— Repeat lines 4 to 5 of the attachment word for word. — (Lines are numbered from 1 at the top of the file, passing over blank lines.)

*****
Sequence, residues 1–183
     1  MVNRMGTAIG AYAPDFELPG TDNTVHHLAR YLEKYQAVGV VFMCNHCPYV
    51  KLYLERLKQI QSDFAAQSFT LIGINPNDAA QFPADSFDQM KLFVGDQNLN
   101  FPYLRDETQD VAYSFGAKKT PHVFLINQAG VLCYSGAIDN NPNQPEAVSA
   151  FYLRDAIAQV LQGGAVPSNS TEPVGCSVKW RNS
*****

   101  FPYLRDETQD VAYSFGAKKT PHVFLINQAG VLCYSGAIDN NPNQPEAVSA
   151  FYLRDAIAQV LQGGAVPSNS TEPVGCSVKW RNS